In downtown New York City, in 1979, painter Jean-Michel Basquiat and performance artist Michael Holman founded their industrial-sound band, Gray. Jean named the band after Gray’s Anatomy, an important reference source for his paintings and the perfect name to capture the haunting, machine-like ambient music the band wrote and performed. Besides Basquiat and Holman, other members of the original group were Nicholas Taylor and Justin Thyme. Vincent Gallo was a member of the band for a short period of time nearer the end of their first incarnation. In the Whitney Museum’s catalogue for Basquiat’s 1991 Retrospective, Robert Farris Thompson, professor of Anthropology at Yale, wrote this about Gray: “They worked the Mudd Club, CBGB’s, and Hurrah’s in New York, where Blondie and the Talking Heads were at that time emerging. They performed, in other words, at the epicenter of New Wave. Here they contended for space and recognition with a style that, in Basquiat’s own words, was ‘incomplete, abrasive, and oddly beautiful.’” In an Interview Magazine review (Jan.,1981) Glenn O’Brien wrote: ”Gray became an industrial sound effects band. They played on scaffolds…. Lately, they’ve really developed their own groove... It’s sort of an easy listening bebop industrial sound effects lounge ensemble.” Just after Jean-Michel Basquiat’s passing in 1988, Holman, Taylor, Thyme and Vincent Gallo, re-united as Gray and performed at Basquiat’s Memorial at St. Peter's Lutheran Church in the Citicorp Building.
In 1996, the making of the MiraMax feature production Basquiat brought Gray’s three original members (Holman, Taylor & Thyme) back together as they reenacted one of their legendary gigs at the Mudd Club with Tony Award winning actor Jeffrey Wright playing Jean-Michel Basquiat.
Besides reuniting for the camera, all three original Gray members played various other roles in the making of Basquiat. Holman wrote the script with Julian Schnabel and contributed 2nd unit footage; Taylor composed and produced the song ”Suicide Hotline Mode” (aka “Traveling Up”) for the soundtrack and Thyme gave a cameo performance along side emerging star Benicio Del Toro.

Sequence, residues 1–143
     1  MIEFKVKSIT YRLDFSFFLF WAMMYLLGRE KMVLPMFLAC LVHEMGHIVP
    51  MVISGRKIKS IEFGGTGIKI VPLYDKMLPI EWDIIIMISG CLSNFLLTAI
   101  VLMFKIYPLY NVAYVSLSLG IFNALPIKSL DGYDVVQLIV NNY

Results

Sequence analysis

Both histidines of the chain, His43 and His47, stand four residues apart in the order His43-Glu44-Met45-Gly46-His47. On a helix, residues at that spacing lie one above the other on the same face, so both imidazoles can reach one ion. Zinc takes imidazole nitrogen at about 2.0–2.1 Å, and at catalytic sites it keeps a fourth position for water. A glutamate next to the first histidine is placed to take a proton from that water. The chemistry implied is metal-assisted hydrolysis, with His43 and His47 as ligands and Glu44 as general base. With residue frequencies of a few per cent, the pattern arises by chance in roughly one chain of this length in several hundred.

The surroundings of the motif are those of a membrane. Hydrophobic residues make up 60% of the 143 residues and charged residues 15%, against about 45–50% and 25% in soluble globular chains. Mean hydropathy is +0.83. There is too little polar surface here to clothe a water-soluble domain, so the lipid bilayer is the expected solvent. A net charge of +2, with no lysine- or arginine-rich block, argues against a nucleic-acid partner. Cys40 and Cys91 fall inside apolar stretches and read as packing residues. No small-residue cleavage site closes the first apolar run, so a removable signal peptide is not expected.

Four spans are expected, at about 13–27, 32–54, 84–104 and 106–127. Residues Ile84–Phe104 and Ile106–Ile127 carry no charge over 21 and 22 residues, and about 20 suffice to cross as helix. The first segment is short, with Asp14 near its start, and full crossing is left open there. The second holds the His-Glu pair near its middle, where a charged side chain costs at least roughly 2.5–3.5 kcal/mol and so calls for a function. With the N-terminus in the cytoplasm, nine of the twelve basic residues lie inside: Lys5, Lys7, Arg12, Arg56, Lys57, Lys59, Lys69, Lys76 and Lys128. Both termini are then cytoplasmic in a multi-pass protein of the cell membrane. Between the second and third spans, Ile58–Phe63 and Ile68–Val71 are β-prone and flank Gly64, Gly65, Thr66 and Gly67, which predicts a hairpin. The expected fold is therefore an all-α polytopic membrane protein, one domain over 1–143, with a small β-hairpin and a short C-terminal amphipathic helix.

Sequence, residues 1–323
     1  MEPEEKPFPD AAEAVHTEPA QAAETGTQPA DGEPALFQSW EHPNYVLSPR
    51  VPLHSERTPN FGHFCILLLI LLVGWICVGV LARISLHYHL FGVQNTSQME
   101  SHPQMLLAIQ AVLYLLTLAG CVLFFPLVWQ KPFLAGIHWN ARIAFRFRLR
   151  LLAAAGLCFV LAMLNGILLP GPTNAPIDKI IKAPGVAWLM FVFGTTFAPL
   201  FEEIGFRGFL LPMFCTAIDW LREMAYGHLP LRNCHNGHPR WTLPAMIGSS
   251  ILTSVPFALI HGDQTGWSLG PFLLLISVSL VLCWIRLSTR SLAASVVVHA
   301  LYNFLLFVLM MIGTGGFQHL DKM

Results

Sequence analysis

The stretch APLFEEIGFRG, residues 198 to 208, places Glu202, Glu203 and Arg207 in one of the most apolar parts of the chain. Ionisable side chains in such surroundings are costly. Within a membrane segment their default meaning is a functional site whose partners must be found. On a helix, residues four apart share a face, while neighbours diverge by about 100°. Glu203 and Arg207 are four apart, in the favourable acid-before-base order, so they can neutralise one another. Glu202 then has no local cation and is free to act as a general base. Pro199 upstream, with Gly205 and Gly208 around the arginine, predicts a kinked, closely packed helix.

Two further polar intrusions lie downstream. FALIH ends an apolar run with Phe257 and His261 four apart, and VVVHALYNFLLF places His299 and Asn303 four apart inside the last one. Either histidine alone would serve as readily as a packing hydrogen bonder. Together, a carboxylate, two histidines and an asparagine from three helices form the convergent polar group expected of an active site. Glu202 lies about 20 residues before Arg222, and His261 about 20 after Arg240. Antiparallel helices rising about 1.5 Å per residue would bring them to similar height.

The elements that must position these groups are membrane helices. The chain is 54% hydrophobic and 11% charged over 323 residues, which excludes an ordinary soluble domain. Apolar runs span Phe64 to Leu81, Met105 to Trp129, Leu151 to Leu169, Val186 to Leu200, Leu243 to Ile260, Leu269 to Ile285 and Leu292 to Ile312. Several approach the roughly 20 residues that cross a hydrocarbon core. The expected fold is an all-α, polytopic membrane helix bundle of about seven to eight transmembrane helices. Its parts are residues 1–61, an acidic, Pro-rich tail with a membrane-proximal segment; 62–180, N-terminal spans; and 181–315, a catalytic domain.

While reenacting their Mudd Club gig, the members of Gray realized that 1990’s pop/ambient music, sounds a lot like what Gray was doing in the past. Inspired by their own historic sound, the band decided to return to the studio to create and record new music. This “new” Gray sound evolved from industrial bebop to electronica with poetic vocals and groovy beats. Gray has already earned music soundtrack credits including: the documentary feature films “The Radiant Child” (produced by David Koh and directed by Tamra Davis); “Downtown Calling;” the feature narrative film “Downtown 81,” starring Debbie Harry and Jean-Michel Basquiat (written by Glenn O’Brien); BBC documentary, “Shooting Star,” from the British television series, ”Without Walls” (presented at the Serpentine Gallery, London, March, 1996); and a Basquiat documentary segment on CBS’s Sunday Morning, With Charles Kuralt. “When we first came out,” says Gray member Justin Thyme, “...we were over most people’s heads. But I think the times have finally caught up [to us]. Now our sound is very palatable, pop, while still maintaining our poetic edge.”
UPDATE 2010: Michael Holman and Nicholas Taylor have reunited once again to produce the first Gray album ever, titled, ”Shades of…” on their own label, Plush Safe Records, that hankers back to Gray’s sonic roots - industrial noise melded with electronic atmospheres. This multi-track compilation includes and involves sample tracks from Gray’s earliest recordings and performances, with samples of Basquiat’s music and voice. Included is a solo performance by Basquiat (recorded by Justin Thyme) called “Suicide Hotline,” where Basquiat, in 1980, called a suicide hotline, and in dramatic, and darkly teasing fashion, reads bits of his poetry to the hotline operator, never allowing the operator to know for sure if the “caller” is insane, suicidal, or simply toying with him. The effect of the piece is powerful and disturbing, yet poignant and moving in a way only Basquiat could produce. The other tracks range from Stockhausen inspired fugues, to trip hop lanced throw downs. Holman & Taylor were fortunate to work with John Cale’s drummer Dean Anthony on this new music, as well as fabled Tubes drummer, Prairie Prince and Downtown Scenester/drummer, Lenny Ferraro. “Shades of…” is not only a living piece of New York history, it’s also an audio interpretation of a journey to where Taylor & Holman see the future of music. Gray has not only returned to their sonic roots, they are also planning live performances that pay homage to their early Downtown gigs, where they performed inside, around and on top of sculptural works of art; like their infamous “Ignorant Geodesic Dome” stage set that brought the house down at the Mudd Club in 1981.
Contact Michael Holman @:(212)567-2494
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